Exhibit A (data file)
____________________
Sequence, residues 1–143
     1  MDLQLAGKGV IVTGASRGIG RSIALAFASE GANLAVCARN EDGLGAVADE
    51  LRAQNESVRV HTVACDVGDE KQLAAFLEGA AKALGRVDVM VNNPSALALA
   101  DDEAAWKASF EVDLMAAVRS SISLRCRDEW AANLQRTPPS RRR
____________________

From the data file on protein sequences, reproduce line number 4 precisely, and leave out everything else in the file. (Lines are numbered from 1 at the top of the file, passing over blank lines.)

   101  DDEAAWKASF EVDLMAAVRS SISLRCRDEW AANLQRTPPS RRR